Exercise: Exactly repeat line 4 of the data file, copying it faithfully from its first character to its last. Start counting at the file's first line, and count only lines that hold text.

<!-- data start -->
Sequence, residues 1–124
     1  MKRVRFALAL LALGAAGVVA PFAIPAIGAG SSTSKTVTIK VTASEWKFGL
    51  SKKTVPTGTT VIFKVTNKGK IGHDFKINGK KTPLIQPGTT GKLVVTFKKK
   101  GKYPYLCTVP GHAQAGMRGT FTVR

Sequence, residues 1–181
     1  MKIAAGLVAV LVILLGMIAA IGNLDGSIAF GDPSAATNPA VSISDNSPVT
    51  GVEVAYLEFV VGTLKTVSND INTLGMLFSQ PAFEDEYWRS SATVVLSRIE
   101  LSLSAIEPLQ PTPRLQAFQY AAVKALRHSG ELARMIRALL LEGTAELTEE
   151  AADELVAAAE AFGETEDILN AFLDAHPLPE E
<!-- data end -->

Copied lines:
   101  GKYPYLCTVP GHAQAGMRGT FTVR